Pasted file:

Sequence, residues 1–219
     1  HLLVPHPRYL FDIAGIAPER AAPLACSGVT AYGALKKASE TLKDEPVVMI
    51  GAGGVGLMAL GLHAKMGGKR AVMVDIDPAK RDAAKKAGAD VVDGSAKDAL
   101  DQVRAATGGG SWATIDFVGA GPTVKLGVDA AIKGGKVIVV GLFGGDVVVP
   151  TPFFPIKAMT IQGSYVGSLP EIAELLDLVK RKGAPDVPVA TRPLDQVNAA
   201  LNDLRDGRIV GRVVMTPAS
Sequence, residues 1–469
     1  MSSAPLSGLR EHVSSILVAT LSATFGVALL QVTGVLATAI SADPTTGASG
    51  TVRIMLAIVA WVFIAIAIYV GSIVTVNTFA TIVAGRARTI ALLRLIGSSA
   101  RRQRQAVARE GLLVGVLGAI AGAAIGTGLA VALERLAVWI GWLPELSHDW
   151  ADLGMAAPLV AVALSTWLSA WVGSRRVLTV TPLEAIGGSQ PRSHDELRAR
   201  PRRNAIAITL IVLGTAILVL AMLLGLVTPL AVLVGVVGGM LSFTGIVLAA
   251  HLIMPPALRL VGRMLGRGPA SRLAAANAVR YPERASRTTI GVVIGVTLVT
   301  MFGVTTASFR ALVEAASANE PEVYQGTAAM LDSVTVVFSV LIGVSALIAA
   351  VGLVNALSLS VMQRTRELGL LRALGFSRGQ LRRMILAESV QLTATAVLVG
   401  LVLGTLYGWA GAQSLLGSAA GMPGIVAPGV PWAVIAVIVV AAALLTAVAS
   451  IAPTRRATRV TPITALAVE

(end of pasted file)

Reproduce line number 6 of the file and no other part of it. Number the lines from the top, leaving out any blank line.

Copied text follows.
   201  LNDLRDGRIV GRVVMTPAS